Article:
3 Mothers Day Money Tips For Moms

Mothers will give away their last cent to take care of their families. Here are 3 tips to ensure it never comes to that. Happy Mothers Day!
Melissa Cohen
Mothers are a selfless bunch. They give up their bodies, their sleep, their time, and put careers on hold, to take care of children who may not register the sacrifice until they have children of their own. Only to get a bunch of flowers that will die within a week. This Mothers Day, get the gift that keeps on giving (not the free hug coupons, either). Get your finances in check, so you can buy yourself the Mothers Day gift you actually want.

Oh, Mother

According to the latest Old Mutual Savings and Investment Monitor, 76% of South African women feel financially insecure. Which would explain why they’re more conservative with their money than men, and 8% more likely to stick to a budget. The report also found that 42% of local households are headed by single mothers. Only 12% of whom receive financial support from the fathers of their children.

Mothers Day Money Tips That Pay

1. Plan For The End In The Beginning

Tyra Banks told Essence Magazine that this is the best advice her mother has ever given her and she hopes to install it in her own son, York. Banks learned that managing her money well comes from having a vision of making something substantial from whatever little she had. Her mother’s early lessons in strategy still helps her navigate her business decisions today. Moms, similarly, should have short-, medium-, and long-term savings goals according to what they envision for themselves and their families. This vision should include the day they’re no longer around to make decisions. Before you selflessly give your extra cash to [insert family or friend’s name here], consider these financial goals. Are they met? Do you have an emergency fund that would make you feel a bit more secure financially?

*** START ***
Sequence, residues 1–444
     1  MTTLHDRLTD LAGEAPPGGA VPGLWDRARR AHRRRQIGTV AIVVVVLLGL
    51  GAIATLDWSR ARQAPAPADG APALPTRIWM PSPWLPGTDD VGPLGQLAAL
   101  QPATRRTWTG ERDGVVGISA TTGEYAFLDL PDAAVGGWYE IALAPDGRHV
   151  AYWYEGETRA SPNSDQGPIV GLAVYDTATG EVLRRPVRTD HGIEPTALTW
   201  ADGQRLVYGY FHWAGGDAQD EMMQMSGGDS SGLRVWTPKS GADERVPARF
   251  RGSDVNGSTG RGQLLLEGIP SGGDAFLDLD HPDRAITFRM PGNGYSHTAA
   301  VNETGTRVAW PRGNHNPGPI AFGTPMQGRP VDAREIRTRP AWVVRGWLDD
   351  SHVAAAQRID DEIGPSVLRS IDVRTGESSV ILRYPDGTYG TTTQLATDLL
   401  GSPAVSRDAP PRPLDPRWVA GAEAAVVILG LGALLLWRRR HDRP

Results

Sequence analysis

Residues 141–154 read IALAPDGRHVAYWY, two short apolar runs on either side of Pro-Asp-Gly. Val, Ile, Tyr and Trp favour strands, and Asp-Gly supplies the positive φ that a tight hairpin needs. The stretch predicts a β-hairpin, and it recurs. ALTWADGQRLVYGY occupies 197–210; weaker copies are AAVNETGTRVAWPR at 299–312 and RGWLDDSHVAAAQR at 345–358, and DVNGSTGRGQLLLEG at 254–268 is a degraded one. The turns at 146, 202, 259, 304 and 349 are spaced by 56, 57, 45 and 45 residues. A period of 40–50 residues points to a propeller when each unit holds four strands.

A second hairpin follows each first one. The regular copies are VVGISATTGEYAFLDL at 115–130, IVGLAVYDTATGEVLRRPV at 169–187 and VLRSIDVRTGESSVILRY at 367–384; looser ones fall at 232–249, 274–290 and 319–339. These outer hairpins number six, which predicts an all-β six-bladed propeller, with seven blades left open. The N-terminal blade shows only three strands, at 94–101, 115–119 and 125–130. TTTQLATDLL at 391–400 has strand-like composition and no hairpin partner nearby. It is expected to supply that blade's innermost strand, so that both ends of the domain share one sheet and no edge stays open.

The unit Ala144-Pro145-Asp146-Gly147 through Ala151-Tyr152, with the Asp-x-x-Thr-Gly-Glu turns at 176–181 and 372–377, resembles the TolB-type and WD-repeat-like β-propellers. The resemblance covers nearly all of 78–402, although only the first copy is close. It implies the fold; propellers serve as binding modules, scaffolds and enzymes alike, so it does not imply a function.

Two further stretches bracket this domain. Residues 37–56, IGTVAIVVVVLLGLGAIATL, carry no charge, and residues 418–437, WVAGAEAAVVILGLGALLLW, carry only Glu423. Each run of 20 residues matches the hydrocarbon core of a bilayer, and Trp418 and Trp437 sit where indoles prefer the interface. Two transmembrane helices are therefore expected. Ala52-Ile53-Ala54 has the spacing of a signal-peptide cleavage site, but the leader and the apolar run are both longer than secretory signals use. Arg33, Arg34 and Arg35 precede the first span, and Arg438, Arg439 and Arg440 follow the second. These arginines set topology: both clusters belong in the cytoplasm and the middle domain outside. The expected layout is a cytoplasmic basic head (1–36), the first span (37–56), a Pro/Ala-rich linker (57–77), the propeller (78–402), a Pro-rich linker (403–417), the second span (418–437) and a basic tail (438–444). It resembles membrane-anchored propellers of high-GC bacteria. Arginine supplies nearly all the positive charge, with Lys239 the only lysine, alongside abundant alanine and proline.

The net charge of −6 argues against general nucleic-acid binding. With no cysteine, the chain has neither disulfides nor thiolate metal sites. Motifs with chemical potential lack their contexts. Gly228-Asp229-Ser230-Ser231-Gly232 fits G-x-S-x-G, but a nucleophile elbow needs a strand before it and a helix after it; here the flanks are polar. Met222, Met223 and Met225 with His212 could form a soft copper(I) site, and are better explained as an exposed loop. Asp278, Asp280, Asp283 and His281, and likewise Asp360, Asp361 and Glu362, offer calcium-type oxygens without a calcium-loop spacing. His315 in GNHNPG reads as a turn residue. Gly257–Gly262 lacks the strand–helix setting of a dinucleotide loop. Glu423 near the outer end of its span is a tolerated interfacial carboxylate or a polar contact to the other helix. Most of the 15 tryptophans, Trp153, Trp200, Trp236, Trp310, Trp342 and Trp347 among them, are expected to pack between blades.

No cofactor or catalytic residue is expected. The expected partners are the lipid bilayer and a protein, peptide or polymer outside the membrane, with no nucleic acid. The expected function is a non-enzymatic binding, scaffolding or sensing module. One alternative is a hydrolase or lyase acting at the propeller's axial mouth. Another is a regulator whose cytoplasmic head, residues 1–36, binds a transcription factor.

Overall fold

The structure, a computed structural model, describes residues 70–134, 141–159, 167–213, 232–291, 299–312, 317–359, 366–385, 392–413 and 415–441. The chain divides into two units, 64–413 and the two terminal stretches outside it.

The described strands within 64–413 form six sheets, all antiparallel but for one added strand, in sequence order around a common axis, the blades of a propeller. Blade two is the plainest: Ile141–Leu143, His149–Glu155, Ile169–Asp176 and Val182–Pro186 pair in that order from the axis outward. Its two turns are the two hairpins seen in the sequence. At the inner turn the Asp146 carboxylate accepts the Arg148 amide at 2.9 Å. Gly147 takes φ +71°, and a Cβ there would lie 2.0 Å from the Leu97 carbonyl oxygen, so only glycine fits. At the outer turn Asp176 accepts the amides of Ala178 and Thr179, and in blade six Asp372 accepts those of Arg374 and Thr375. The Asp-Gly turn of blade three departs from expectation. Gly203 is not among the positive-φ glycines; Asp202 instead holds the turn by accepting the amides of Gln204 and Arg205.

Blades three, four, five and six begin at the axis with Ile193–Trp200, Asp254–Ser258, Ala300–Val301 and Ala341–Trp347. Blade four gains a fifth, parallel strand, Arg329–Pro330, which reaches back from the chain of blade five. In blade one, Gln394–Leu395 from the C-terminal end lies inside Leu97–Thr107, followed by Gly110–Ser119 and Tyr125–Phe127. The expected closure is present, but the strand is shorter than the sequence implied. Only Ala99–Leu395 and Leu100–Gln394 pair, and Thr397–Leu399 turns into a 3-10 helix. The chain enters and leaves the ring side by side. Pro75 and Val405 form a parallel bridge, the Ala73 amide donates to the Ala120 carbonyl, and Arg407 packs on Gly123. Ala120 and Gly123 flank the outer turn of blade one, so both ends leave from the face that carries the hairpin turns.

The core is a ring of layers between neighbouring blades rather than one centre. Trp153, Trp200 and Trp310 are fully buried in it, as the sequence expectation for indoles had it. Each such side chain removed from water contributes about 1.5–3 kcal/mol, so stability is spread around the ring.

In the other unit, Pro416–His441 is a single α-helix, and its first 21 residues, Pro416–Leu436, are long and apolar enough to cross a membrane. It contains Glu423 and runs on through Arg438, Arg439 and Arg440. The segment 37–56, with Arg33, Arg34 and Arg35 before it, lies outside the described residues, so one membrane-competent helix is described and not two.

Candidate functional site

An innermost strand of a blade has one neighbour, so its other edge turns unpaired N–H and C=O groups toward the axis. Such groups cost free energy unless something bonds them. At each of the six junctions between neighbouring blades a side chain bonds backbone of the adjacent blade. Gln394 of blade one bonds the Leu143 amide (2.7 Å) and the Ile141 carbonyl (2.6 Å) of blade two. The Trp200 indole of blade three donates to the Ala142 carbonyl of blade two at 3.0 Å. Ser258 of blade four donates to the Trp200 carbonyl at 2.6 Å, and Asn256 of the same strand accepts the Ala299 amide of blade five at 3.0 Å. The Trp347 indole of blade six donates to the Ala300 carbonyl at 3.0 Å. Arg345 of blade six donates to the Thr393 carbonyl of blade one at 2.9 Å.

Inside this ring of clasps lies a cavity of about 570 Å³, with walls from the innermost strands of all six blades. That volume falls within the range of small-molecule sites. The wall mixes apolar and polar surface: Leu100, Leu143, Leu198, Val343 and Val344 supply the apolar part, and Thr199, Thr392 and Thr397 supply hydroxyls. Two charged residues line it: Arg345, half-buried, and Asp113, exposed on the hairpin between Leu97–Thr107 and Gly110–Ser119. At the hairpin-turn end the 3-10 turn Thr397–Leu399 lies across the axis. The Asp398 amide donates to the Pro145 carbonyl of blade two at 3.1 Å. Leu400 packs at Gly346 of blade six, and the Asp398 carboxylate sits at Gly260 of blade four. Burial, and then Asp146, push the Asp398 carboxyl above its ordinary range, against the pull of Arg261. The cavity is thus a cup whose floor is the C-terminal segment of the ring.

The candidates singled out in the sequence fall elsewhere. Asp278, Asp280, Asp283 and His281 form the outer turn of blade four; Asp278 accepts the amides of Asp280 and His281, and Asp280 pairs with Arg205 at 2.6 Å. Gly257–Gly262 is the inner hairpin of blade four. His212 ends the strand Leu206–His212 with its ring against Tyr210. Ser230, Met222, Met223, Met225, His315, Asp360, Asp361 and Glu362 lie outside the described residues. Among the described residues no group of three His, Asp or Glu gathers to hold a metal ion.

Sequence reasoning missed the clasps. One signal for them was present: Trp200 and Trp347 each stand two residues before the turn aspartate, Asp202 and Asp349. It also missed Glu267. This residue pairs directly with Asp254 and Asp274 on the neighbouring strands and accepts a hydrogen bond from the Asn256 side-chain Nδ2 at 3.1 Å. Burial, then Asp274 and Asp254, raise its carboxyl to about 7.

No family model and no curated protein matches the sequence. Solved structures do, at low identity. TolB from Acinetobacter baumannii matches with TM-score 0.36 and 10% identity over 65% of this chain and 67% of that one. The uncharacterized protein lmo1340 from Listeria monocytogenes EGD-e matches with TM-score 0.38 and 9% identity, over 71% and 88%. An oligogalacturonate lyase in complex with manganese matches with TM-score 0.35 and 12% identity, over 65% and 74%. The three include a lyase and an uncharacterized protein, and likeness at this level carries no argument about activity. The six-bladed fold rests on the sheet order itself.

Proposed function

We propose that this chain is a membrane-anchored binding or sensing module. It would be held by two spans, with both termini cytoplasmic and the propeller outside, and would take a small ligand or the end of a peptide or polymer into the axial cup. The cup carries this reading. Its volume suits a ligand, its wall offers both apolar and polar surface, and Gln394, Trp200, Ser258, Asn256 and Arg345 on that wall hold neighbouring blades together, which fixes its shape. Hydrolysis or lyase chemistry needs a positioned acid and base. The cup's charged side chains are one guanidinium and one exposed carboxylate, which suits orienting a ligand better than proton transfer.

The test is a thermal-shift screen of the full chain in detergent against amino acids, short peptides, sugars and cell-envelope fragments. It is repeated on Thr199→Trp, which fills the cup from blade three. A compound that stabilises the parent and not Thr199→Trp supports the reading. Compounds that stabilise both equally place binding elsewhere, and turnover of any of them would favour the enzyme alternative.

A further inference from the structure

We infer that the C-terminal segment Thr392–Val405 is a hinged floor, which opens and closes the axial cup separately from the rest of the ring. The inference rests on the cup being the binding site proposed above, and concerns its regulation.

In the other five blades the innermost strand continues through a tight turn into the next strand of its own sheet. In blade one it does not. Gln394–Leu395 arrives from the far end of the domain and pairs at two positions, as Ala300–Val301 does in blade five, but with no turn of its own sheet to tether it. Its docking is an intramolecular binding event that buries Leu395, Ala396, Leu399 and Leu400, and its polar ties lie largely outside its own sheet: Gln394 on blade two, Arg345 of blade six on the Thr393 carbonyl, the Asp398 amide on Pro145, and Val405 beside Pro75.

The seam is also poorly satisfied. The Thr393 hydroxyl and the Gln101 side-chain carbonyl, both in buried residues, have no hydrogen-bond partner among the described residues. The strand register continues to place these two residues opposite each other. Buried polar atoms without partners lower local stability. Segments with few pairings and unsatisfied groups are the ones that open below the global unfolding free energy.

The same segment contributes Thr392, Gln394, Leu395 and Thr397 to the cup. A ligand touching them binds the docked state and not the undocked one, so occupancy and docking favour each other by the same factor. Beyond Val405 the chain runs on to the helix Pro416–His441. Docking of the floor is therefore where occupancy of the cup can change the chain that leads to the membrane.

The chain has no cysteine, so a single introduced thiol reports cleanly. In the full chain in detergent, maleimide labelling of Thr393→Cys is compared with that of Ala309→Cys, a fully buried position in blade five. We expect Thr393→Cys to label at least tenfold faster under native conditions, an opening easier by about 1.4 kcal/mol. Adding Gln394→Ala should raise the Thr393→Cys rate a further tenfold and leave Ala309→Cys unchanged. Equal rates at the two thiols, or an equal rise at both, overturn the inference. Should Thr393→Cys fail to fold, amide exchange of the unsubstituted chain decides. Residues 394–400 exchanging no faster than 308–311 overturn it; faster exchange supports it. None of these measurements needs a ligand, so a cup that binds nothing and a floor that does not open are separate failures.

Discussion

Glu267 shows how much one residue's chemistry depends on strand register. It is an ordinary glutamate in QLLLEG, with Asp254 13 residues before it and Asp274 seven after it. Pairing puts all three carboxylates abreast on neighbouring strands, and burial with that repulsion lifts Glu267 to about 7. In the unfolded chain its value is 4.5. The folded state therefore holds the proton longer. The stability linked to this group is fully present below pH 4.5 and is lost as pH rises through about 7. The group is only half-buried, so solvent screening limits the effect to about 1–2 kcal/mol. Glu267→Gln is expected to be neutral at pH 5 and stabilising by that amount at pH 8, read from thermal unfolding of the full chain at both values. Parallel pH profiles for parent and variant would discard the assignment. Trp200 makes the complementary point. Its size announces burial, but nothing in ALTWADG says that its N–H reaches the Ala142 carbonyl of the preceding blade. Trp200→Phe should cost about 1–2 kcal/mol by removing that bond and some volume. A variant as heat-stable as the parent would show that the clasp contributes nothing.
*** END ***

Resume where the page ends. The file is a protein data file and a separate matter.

2. Don’t Buy Your Kid’s Love, Invest In Their Futures

As children become older, their dependence on their mothers’ attention and affection wanes. But, not their dependence on their mother’s money. It’s not beneath any mother to try and buy back the good old days with the latest (and most expensive) items on their kid’s wishlist. But, as soon as the dust settles on said gift, you’re back to being the mom who ‘just doesn’t get it’. Only now, you also have buyer’s remorse. It might be a long shot, but when you teach your child how to save, manage their money, and invest – that stays with them forever. Unlike those new shoes that will be old news by next season. The best part is, it doesn't cost an arm and a leg to impart good financial principles. Just put your money where your mouth is by practicing what you preach. With the savings from the ‘love gifts’,  you can afford to now, too.

3. Pay Yourself First

A conservative attitude, towards money, may work when saving for Christmas, but it doesn’t do the same trick when saving for retirement. The Old Mutual monitor said 22% of the women surveyed were already putting aside money for Christmas and other year-end expenses, but the proportion of total women saving for retirement is only 47%. 72% of South African women are, or will be, financially supporting their parents this year. Forget the pricy Christmas gifts, they’ll be long forgotten when you have to rely on your children to support you. Don’t delay saving for your retirement. Pay yourself first, your children may, or may not, thank you later, but they’ll appreciate the gift of financial independence.